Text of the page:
Please submit a full bug report.
See <file:///usr/share/doc/gcc-4.4/README.Bugs> for instructions.
make[1]: *** [obj/release/FrameLoader.o] Error 1
make[1]: *** Waiting for unfinished jobs....
make[1]: Leaving directory `/home/myuname/opbrowser-release-2009_09_30/webapp/WebKit/WebKitBuild/Release/WebCore'
make: *** [sub-WebCore-make_default-ordered] Error 2

Google for this error real quick and usually the problem is the machine that’s doing the compile running out of RAM. There are some great mailing list posts with people compiling glibc on a system with 32MB of ram with 128MB swap space. That makes my VM look like a super computer (512MB of RAM and a 1GB swap disk). My first reaction was then to think that there was no way I was running out of RAM.

More swap!!

So how to test this? Run the build again and this time run in parallel the command free -m -s 2. This will poll your RAM and swap usage every 2 seconds printing some info to the console. Sure enough the build was using up all of my RAM and swap which is pretty ridiculous IMHO.

So just throw more ram at it right? Getting KVM to give this VM more RAM take a restart so we get on that giving it 1GB of RAM (double what it had previously) and leave the 1GB of swap alone. FAIL, free still shows us running out of both RAM and swap.

OK no messing around this time. On my host system I allocated a 5Gb KVM logical volume and passed this to the VM as an additional hard disk (another restart of the VM). I then dropped the old swap space and set this 5Gb disk as swap. This turned out to be enough. Watching free showed my swap usage going well over 2Gb … jeez that greedy. Something in this script is assuming that my system is pretty beefy.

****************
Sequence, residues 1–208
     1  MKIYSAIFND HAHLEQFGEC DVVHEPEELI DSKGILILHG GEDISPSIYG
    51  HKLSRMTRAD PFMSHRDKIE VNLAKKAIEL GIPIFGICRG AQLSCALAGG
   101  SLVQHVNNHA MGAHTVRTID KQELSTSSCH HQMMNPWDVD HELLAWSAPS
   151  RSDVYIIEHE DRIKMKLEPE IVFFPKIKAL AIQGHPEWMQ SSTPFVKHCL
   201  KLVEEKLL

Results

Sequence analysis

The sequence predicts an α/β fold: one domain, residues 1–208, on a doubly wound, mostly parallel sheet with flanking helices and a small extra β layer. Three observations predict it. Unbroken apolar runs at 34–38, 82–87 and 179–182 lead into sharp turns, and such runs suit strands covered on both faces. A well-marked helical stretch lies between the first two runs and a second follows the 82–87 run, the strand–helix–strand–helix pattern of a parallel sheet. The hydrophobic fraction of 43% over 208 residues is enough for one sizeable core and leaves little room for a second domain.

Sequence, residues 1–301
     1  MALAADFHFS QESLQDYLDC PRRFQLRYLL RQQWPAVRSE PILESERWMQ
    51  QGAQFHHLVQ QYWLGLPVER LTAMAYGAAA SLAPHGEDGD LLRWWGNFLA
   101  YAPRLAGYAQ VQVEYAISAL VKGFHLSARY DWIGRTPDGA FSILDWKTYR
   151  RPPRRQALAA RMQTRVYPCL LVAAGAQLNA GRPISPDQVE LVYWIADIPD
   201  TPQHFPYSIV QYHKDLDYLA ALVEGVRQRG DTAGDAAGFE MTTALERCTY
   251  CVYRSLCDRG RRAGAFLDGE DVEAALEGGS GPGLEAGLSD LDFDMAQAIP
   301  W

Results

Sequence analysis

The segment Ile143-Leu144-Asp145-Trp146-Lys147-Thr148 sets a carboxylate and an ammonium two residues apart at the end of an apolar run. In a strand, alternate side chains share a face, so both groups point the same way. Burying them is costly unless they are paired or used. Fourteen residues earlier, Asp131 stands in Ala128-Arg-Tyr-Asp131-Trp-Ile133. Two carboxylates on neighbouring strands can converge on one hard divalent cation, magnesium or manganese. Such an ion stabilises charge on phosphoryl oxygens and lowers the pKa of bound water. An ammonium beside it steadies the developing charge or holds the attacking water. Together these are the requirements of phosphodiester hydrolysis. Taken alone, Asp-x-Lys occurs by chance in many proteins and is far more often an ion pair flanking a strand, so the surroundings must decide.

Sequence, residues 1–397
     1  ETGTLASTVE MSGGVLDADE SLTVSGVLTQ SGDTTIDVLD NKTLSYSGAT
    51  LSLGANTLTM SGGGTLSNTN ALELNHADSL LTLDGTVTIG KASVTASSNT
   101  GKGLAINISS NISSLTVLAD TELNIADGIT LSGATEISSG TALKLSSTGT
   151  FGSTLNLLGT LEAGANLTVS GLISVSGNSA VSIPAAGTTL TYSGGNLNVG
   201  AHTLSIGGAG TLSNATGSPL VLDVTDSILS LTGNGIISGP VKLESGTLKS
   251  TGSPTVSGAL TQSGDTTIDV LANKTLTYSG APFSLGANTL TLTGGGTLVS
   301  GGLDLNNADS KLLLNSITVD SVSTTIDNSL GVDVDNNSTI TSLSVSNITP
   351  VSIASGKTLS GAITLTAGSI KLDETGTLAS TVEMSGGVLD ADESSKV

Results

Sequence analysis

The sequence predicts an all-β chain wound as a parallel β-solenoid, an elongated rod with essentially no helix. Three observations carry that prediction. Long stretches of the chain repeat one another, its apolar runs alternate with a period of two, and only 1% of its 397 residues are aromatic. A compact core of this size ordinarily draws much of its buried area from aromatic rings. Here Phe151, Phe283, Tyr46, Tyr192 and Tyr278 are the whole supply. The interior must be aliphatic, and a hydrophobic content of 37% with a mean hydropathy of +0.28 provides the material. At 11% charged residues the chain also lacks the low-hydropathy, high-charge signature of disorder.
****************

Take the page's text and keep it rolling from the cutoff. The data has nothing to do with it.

One final problem I ran into was a significant number of undefined references turning up in the final linking. This is from the build failing so many times previously. Typically you’d hope the build system would rebuild anything that fails but that’s not the case here. In fact even if you run the build script with the --clean switch it doesn’t clean the enough to remove broken object files. I had to manually delete the WebKitBuild directory which is under the WebKit root and rebuild WebKit one last time. You’ll see this message when you’re done:

 WebKit is now built (2h:45m:25s). 
 To run QtLauncher with this newly-built code, use the
 "./run-launcher" script.

That’s right, almost 3 hours to build this beast.

Building OP

In comparison to WebKit, building OP was a breeze. The only additional libraries were a few from boost [4]. These are as follows.

apt-get install ant sun-java6-jdk libboost-dev libboost-regex-dev

Installing libboost-regex-dev will pull in a bunch of boost dev packages one of which is libboost-dev. I’ve included libboost-dev in the list above just for completeness.